Posted: 15 Apr 2013 09:06 PM PDT
Google dropped a bunch of Glass related news today. First up are some high level specifications which posted in an FAQ document. There's still no word about SoC or platform beyond the rumors we've heard in the past that Glass is like a WiFi-only Galaxy Nexus. This is the first time we've seen official disclosure of some level of specifications however. From the spec page we get the following, which I've put in a table.
Google is very light on detail here, and doesn't give resolution directly although it's obvious looking at the UI Guidelines from the SDK that 640x360 is the native resolution of the projection system. There's no explicit callout of what SoC is inside (although OMAP4 continues to be a persistent rumor) or battery size in milliamp hours or watt-hours. In addition we see the inclusion of 802.11b/g and no 802.11n, which is a bit curious, although I suspect most of the time Google Glass will be tethered to a smartphone over Bluetooth for connectivity with the companion application. Google also released the Mirror API documentation and a few sample applications alongside.
The other news is the first official communication of something along the lines of a delivery date for Glass Explorers. In an email sent out today, Google announced that the first Google Glass Explorer models are rolling off production lines and will begin shipping to explorers in waves. I committed myself to getting a Google Glass Explorer at Google I/O 2012 and eagerly await getting hands on time with the $1,500 wearable device.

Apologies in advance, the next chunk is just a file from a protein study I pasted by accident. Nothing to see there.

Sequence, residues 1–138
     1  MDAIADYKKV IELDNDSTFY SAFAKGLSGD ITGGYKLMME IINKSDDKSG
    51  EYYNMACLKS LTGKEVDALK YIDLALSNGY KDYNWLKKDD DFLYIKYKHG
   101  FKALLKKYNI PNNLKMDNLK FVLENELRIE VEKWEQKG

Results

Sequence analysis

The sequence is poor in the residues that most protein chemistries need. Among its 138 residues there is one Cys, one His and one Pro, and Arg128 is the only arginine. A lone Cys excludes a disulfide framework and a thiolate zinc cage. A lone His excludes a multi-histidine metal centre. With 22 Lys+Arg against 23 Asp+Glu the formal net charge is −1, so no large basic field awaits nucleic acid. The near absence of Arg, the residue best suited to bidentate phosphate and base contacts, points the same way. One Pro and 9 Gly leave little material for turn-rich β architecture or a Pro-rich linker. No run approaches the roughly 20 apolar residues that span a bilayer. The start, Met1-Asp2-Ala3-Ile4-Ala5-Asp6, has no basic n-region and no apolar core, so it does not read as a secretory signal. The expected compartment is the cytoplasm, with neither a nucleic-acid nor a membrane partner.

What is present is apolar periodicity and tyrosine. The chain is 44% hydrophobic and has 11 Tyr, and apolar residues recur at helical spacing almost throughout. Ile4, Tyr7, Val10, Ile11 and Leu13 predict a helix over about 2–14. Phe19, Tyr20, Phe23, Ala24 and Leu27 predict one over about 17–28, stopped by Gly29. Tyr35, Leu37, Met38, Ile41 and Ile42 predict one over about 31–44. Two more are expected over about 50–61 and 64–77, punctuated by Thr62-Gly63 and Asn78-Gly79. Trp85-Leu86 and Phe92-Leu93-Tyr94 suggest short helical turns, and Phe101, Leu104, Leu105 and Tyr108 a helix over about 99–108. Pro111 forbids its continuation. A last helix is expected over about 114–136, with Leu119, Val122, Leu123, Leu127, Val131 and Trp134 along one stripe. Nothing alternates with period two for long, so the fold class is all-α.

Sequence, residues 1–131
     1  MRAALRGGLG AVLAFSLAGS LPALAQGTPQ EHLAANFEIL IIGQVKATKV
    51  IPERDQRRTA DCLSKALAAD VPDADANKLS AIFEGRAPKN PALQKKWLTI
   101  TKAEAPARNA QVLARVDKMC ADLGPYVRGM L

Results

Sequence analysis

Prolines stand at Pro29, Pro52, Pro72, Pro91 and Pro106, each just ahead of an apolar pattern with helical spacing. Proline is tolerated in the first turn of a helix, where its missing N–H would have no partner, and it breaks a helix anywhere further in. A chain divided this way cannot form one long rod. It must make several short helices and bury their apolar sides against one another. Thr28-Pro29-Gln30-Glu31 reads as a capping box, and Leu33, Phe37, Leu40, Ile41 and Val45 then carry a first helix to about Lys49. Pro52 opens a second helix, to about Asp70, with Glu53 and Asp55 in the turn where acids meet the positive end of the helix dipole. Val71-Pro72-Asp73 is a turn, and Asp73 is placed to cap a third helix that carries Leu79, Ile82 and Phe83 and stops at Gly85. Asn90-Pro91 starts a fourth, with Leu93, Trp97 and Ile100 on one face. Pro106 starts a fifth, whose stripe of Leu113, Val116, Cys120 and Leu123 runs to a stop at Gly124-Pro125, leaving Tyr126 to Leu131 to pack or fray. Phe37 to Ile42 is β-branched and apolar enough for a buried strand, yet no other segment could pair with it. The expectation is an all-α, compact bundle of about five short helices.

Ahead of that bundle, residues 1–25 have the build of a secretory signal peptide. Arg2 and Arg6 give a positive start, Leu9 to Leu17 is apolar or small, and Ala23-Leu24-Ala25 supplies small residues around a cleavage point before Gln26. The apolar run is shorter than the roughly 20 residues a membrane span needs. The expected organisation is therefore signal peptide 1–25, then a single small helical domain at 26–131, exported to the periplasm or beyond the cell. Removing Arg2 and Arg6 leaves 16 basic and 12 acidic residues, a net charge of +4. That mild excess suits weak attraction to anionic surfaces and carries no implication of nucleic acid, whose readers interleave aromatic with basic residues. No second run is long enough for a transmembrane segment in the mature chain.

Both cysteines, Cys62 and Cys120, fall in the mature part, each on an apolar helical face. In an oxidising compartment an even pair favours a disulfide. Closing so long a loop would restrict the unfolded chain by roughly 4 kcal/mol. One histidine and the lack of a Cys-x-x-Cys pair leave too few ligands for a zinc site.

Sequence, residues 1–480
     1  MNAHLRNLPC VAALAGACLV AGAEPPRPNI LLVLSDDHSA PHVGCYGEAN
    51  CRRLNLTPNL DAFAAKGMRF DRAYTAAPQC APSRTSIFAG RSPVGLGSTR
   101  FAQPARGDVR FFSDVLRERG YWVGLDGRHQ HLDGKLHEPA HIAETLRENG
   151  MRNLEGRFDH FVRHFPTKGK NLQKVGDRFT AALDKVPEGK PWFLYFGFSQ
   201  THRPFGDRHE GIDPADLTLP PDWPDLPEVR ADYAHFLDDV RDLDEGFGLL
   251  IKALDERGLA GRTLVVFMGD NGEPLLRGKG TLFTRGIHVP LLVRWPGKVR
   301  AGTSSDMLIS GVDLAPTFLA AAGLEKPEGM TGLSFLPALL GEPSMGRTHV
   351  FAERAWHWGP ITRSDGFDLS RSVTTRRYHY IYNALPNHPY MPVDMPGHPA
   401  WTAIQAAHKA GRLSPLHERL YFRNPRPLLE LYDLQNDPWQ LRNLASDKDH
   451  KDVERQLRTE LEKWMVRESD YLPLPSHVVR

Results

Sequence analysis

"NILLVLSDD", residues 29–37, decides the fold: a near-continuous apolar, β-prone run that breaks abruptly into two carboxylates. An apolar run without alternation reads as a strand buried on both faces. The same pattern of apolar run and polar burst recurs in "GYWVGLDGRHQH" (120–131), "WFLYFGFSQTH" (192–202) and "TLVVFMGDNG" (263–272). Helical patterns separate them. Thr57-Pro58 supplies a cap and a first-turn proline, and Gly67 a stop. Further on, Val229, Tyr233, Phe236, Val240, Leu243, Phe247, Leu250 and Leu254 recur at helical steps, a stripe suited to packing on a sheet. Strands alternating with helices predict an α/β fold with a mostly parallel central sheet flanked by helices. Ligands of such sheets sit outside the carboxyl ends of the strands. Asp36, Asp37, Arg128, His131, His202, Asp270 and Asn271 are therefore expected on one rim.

Posted: 15 Apr 2013 11:00 AM PDT
In the last year, 27” 1440p displays went from being really high end in the monitor food chain to becoming close to commodity items that you buy off EBay for cheap from random vendors. It seems that there is a bit of a shift in the high-end display market, where previously resolution was dictating the upper echelon but now as we wait for 4K displays, or retina-style PPI displays on the desktop, it’s other features that are dictating what costs more.
The newest reference display from Dell is the U3014, which takes the place of the U3011. It retains the same 2560x1600 resolution of a 30” display, but adds a few more notable features including DisplayPort chaining, USB 3.0 support, uniformity correction, and most notably is one of the first LED-backlit displays with an AdobeRGB gamut. Looking only at the specs, this looks like a monitor aiming for the NEC and Eizo users out there, but does it reach those standards?
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